And something else was at work in Martineau’s observation as well. “No nook in this country is at a despairing distance from a market,” she wrote. Commerce had an emotional component as well. The sentiments of the people of an increasingly far-flung union could be harmonized through trade and commerce.

One year after Martineau wrote, a young Illinois politician named Abraham Lincoln struck a similar note in 1838. Lincoln told his listeners at the Young Men’s Lyceum in Springfield, Illinois, that American government was based upon “the attachment of the People.” Attachment was a sentiment, an emotion in modern terms. The government was imperiled when the “best citizens” suffered an “alienation of their affections from the Government.” Lincoln’s solution was for “law”—in particular, the Declaration of Independence and the Constitution—to become the “political religion” of the nation.3

As Lincoln’s note of caution suggested, there was reason to worry about the health of the nation’s political religion in the years after 1815. Alongside the optimistic promises of commerce came concerns about how that commerce was to be governed—and by whom. Where would the power over commerce lie—with which level of government? The states, or what 19th-century Americans referred to as the “general government”—that is, the federal government?

Interbellum Americans had to engage in constitutional creativity because the Constitution simply did not provide clear answers. The founders’ vision of federalism consisted in a set of agreements about structure. They agreed to divide authority between the federal government and the states. Where the line of division fell depended on what the subject was.

But not all the subjects set forth by the Constitution were neatly apportioned between the states and the federal government. The Constitution also sketched a substantial middle zone of powers. In this middle zone, competing governments operated. Their powers overlapped. Both Congress and the states could claim the authority to regulate a given activity. In the interbellum period, as ports sprang up, the river trade flourished, and the Union and its markets expanded, this zone of concurrent power also grew. The concurrent powers of the Constitution became more important than ever because they governed some of the most significant areas of the nation’s activity. These powers included the power to regulate commerce, to regulate migration, and to tax.

Each of these powers also implicated the growing constitutional crisis over slavery, in particular its expansion into new states and territories. Like commerce, slavery raised difficult questions of boundaries: between federal and state power, and also between states. Different states might have different regimes with respect to slavery. Maryland protected slaveowners’ asserted right to own other human beings, while Pennsylvania passed a series of anti-kidnapping laws intended to protect fugitives and free persons of color. Questions about the extraterritorial effect of supposedly local laws quickly melded issues of slavery and interstate commerce.

Why does this tale of early-19th-century commerce matter? For three reasons:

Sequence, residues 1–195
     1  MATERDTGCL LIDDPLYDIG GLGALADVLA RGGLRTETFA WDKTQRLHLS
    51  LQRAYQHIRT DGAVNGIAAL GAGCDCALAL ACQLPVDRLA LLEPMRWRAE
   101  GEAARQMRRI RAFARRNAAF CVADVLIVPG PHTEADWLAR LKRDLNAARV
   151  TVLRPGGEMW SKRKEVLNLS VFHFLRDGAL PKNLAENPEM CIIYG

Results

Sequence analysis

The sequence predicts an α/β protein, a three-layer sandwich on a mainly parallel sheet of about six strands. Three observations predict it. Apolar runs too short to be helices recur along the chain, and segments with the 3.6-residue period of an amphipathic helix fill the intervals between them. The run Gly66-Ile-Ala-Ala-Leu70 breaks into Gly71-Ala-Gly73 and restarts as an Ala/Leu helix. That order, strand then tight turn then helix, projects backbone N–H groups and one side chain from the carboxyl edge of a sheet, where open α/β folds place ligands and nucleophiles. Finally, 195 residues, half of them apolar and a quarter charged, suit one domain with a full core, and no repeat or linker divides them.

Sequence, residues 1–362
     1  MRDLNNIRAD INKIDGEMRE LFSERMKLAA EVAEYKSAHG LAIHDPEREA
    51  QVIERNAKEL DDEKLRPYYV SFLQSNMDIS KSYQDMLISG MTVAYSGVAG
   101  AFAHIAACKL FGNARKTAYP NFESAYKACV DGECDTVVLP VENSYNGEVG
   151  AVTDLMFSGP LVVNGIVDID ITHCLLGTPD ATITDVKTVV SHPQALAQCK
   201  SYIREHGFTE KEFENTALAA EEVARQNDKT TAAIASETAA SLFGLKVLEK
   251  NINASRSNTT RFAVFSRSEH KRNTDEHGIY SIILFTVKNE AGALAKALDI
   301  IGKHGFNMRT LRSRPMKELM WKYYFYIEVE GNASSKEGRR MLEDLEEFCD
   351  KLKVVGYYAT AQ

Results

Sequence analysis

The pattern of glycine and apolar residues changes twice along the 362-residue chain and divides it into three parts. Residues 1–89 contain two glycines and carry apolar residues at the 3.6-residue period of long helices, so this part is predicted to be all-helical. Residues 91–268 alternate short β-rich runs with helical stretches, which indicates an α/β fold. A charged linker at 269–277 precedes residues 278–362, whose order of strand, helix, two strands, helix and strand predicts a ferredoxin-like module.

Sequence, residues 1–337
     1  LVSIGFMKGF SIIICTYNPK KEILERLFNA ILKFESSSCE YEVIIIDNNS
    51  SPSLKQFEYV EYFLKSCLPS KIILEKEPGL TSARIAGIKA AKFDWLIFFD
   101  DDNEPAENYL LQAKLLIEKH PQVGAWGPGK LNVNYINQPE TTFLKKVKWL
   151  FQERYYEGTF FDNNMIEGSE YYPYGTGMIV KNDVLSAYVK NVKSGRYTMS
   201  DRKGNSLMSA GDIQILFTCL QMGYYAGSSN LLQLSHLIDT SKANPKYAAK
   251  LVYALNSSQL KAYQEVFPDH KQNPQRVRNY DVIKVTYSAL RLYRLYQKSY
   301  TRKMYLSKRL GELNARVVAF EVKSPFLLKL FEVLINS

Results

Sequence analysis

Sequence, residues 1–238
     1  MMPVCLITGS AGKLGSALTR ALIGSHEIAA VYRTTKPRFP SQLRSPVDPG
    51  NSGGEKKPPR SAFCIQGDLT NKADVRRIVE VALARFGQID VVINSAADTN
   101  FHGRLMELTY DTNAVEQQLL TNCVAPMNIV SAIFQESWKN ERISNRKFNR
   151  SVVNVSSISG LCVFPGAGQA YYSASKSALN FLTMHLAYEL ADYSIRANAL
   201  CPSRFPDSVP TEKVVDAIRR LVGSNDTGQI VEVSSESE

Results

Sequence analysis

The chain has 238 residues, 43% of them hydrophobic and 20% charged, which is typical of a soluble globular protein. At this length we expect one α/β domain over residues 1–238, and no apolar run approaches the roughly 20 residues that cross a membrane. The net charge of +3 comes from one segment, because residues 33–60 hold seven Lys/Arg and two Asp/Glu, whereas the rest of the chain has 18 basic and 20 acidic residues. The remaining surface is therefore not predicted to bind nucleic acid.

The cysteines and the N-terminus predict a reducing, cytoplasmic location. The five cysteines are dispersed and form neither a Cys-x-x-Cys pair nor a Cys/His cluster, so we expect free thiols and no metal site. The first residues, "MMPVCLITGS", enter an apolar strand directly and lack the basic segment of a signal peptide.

First, in order to have a complete understanding of U.S. constitutional law, we must not to lose sight of the constitutional creativity of these decades, with the founding on one hand, and the Civil War and Reconstruction on the other. During this half-century, the central public debates in America centered on issues that raised profound federalism questions: commerce, migration, and slavery, among others.

Second, the period reminds us that the meaning of the Constitution was not settled or fixed in 1787. Important and unsettled questions were being debated for the next decades (and indeed, today). The best way to gain purchase on meanings, plural, is to attend to these debates.
To understand what the Constitution meant at a given time, one must listen to producers of constitutional discourse—a broader group than the usual small cadre of statesmen and justices.

Finally, the period is important because it helps give context to our own moment of intense political and legal debate. Many commentators cite the Civil War as an analogy to—and a cautionary tale for—the current moment. But a more accurate comparison might not be the war itself, but rather the five decades of slow-boiling constitutional conflict that preceded it. The similarities between those years and today provide context, insight, and perhaps a warning, to us all.

  1. Birch, William Russell, Engraver. Preparation for War to defend Commerce. The Swedish Church Southwark with the building of the Frigate Philadelphia. Pennsylvania United States Philadelphia, 1800. Photograph. https://www.loc.gov/item/2002718892/. ↩︎
  2. Harriet Martineau, Society in America, 2d ed. (London: Saunders & Otley, 1837), 2:171-72. ↩︎
  3. Abraham Lincoln, “The Perpetuation of Our Political Institutions” (1838), in The Political Thought of Abraham Lincoln, ed. Richard N. Current (Indianapolis: Bobbs-Merrill, 1967), 15-17. ↩︎

Alison L. LaCroix is Robert Newton Reid Professor of Law and an Associate Member of the Department of History at the University of Chicago. The recipient of a National Endowment for the Humanities Fellowship, she is a scholar of U.S. legal history specializing in constitutional law, federalism, and eighteenth- and nineteenth-century legal thought. In 2021, President Biden appointed her to the Presidential Commission on the Supreme Court of the United States.